Through a program so far labeled “SupplierPay,” the Wall Street Journal reports that President Obama is gearing up to strengthen contractors and small businesses that take care of the tasks that the larger companies chose to outsource. What we know of the program so far is that it entails that companies such as Coca-Cola and Apple have to for their invoices 15 days after they were invoiced. This will make sure that small business are getting the funds they need in a timely manner and reduces how much money they would otherwise have to borrow while waiting to be paid some 90 days under what is consider by many the a normal time frame.
Of course, this is just the gist of it all. The move by Obama will have deeply seeded benefits on the economy on the whole, but a move like this seems to be more political than economical for Apple. The reason I believe it to be a political move that boost Apple’s image to both the public and the government is because only 8 percent of Apple’s top 200 suppliers have factories that are contracted by Apple within the United States. If there was a larger percentage of manufacturers that produce for Apple in the United States, it’s very likely that Apple would have never opted into the program.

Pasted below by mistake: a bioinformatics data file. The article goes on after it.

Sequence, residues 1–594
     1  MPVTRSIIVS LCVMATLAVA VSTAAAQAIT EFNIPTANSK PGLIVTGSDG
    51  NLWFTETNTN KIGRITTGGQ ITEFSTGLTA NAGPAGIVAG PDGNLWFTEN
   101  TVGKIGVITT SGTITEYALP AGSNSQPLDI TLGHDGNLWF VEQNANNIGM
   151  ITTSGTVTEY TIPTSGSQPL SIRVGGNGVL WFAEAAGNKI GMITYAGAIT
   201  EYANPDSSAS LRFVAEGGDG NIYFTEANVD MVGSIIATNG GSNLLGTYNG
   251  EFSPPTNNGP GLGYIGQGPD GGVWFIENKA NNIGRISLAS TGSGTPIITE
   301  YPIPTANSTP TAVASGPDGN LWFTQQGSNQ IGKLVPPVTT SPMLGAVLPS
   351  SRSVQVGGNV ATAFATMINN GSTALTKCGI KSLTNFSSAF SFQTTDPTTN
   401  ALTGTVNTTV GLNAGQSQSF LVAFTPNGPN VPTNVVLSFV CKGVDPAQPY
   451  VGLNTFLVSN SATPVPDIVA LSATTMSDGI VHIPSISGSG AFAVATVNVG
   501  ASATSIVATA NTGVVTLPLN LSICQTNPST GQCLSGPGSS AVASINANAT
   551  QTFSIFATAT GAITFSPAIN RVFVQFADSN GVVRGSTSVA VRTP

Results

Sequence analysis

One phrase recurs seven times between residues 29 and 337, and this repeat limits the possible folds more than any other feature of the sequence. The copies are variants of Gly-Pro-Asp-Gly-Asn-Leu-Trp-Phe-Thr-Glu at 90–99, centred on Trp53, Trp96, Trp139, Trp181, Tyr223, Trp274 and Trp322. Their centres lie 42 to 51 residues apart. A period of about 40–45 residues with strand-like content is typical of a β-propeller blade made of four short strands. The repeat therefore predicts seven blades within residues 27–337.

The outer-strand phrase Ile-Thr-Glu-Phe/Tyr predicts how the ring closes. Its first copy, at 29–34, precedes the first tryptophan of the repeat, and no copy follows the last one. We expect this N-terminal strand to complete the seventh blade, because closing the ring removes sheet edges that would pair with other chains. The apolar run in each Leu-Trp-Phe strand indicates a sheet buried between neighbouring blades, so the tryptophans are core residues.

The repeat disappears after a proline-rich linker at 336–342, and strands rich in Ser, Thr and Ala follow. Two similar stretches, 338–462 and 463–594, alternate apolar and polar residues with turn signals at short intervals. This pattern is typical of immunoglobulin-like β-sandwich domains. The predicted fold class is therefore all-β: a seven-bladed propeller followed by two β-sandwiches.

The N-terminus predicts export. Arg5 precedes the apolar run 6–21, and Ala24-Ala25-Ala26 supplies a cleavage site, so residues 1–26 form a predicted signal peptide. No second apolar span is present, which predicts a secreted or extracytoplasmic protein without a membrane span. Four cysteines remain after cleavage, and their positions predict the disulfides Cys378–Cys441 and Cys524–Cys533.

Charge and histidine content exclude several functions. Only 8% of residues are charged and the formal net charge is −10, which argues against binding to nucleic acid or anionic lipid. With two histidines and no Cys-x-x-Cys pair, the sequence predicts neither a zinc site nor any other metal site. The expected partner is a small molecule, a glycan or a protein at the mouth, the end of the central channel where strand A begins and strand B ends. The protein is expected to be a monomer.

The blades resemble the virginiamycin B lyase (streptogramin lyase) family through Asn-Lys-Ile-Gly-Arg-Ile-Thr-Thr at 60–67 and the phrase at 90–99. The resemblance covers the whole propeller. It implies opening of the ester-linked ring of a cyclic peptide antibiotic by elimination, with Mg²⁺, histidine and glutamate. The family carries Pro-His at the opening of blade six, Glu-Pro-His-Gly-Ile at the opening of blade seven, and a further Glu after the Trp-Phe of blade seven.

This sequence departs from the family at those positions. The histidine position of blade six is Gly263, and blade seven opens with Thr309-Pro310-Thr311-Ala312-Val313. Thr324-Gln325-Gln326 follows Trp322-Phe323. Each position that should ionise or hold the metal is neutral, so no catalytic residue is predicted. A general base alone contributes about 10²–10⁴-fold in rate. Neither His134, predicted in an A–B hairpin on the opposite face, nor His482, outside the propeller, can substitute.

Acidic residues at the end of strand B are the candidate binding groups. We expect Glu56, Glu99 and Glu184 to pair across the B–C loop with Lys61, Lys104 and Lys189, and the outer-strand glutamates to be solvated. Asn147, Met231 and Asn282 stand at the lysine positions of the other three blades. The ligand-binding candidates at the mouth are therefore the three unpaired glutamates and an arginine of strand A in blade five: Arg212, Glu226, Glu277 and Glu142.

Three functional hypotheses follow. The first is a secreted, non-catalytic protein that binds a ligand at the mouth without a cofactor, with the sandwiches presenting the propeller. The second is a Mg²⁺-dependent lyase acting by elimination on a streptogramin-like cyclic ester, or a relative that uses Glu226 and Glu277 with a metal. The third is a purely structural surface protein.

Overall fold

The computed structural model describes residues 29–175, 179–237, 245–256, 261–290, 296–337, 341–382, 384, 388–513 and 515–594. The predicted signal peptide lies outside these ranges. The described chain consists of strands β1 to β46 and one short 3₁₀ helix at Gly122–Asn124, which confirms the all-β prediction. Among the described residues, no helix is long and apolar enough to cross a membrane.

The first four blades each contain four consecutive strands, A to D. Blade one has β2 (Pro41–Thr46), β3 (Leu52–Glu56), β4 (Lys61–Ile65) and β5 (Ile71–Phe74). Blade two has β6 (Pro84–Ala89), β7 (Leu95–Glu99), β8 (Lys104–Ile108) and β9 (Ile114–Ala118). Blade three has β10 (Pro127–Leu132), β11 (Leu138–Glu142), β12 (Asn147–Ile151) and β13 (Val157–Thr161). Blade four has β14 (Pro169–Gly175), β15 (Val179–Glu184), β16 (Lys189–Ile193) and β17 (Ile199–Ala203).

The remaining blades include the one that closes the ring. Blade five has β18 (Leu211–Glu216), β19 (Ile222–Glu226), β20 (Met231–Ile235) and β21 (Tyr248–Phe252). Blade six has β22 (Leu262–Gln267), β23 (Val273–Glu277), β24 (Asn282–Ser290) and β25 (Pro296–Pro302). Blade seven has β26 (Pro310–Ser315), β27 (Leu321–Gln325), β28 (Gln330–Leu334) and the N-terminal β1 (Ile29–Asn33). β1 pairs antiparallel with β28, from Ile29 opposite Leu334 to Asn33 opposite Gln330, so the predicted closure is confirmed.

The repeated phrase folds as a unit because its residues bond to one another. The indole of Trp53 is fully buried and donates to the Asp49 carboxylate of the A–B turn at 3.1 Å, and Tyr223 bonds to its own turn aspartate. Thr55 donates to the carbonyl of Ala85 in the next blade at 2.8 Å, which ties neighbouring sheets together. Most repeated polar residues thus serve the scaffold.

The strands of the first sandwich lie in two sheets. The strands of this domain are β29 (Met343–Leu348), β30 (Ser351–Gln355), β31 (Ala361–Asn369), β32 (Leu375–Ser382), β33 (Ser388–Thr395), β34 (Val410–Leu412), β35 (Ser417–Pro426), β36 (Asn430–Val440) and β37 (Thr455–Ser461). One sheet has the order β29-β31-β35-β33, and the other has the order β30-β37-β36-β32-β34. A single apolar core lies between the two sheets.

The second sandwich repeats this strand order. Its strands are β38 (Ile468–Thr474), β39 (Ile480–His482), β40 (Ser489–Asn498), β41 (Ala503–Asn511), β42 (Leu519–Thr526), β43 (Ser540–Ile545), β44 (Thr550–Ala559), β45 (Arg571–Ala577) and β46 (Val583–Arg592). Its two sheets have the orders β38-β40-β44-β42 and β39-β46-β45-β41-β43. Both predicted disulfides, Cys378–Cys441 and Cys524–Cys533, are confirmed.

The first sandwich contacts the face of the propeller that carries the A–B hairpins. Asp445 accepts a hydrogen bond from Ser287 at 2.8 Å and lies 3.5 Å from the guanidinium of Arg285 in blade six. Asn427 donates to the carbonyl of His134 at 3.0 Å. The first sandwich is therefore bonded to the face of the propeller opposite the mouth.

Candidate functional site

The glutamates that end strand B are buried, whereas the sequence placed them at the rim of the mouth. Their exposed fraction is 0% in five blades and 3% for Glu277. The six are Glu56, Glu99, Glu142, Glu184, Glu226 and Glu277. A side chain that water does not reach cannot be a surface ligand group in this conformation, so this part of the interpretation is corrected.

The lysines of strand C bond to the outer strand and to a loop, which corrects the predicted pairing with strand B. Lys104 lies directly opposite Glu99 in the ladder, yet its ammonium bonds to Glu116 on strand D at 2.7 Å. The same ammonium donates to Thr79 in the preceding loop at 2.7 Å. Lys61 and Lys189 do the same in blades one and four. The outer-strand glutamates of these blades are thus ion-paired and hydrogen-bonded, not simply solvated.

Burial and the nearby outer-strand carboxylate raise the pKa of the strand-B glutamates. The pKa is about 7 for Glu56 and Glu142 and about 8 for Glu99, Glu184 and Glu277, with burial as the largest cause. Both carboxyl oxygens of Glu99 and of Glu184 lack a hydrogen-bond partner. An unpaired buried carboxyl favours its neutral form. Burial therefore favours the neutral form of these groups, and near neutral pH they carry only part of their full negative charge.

The reality here is that Apple can get away with ordering parts needed to produce the iPhone 6 without paying for those parts until, up to, 90 days after the order was made. Using the iPhone 6 rumors to illustrate a better picture, rumors suggest that the iPhone 6 will begin production in July and launch in September. This rumor aligns with Apple’s typical production and release time frames. Pre-SupplierPay, Apple could order all the parts it needed for the iPhone 6 in July, launch the iPhone 6 in September and then pay for the parts with the money it made from selling the iPhone 6.
While Apple isn’t necessarily gaining or losing money from this new program, it would be more convenient for Apple to stick to their usual ways, but considering that they would only have to change their payment schedule to accommodate just 8 of their top manufacture locations, it’s a very insignificant change for Apple. It’s going to be interesting to see whether or not Apple is willing to apply the SupplierPay program to all of their supplier locations across the board.
Here’re some raw numbers: According to a report released by Apple, Apple has a total of 813 manufacture locations who do not outsource their operations to other companies (they have just 10 manufacturers that do which range from NVIDIA to Qualcomm). Of those 813 manufacture locations, 66 of those are located within the United States. 66 is roughly 8 percent of 813.